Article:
November 28, 2014
Rocky was written by and stars Sylvester Stallone. He was an aspiring actor who was failing to get any work. This in itself isn't a surprise: a forceps injury during childbirth severed a key facial nerve, leaving him with dropping features and a tendency to slur his speech from one side of his mouth. Broke and desperate, Stallone wrote a screenplay purely so that he could have something in which to star. Once written, his Rocky screenplay was good enough that United Artists offered him $250,000 to buy the script and make it with Burt Reynolds or James Caan. Stallone held his ground, and with producers Irvin Winkler and Robert Chartoff and director John G. Avildsen, Rocky was finally made on a $1 million dollar budget with Stallone in the title role. It not only launched his successful movie career but it defined it as well. It's an amazing screenplay tailored perfectly to the skills set of its author.
November 27, 2014
It's a very predictable choice, I know. The thing is: it's predictable for a reason. Final Fantasy VII seems amusingly dated these days, with its numerous advances and innovations long-since superceded or improved upon. At the time it felt genuinely revolutionary.
Final Fantasy had kicked off as a last-ditch attempt by a failed production company to have a hit game: hence it's name, a bleak joke that it was in all likelihood Square's final shot at success. It was a breakout hit on the Nintendo Famicom, and two sequels on the Famicom and three on the Super Famicom helped cement Final Fantasy as one of the premier franchises in Nintendo's stable. Then the time came to make Final Fantasy VII. Square planned to take advantage of the CD-ROM technology promised by Nintendo's forthcoming disc-based SFC successor. It would enable better sound and in particular the use of pre-rendered video sequences. Then, quite suddenly, Nintendo parted ways with their CD-ROM partner Sony, to focus on a third cartridge-based console (ultimately released as the Nintendo 64). Nintendo assumed Square would revise their plans. Instead Square jumped ship to Sony's PlayStation and gave Sony their biggest weapon in the fight for the loyalty of Japanese gamers.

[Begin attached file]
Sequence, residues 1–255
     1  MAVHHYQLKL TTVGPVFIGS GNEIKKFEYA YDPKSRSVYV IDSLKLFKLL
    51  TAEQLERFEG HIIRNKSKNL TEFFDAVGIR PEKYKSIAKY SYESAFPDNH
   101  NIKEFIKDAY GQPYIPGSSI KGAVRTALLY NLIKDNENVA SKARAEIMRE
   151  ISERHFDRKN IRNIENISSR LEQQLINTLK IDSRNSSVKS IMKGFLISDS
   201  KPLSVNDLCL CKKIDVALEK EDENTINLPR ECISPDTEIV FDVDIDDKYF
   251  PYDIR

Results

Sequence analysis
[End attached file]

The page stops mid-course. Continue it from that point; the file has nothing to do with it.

For the bulk of this episode it seems like Tsuritama has slipped into a sort of comfortable formula: each episode Yuki will learn a little bit more about sea fishing, and progress to fishing for a slightly more difficult kind of fish. He will become a little more confident, and open up more to his eccentric friends. Then, during this episode's climax, we suddenly make an unexpected right turn and- what kind of an anime are we watching again?
November 26, 2014
The Trill homeworld: I love it. Sometimes Star Trek gets so creatively lazy that they can't even be bothered naming a planet. This is an odd episode really. It only exists because one of the executive producers saw a stage magician do a neat trick with face masks, and so ordered the writing room to come up with an episode that was based around it. It does give the series the opportunity to visit Dax's home planet for the first time and showcase the Trill a little more, but it by-and-large squanders that opportunity. Despite all of that it's still rather watchable, because Deep Space Nine has an advantage that other Star Trek series lack: it has depth of character.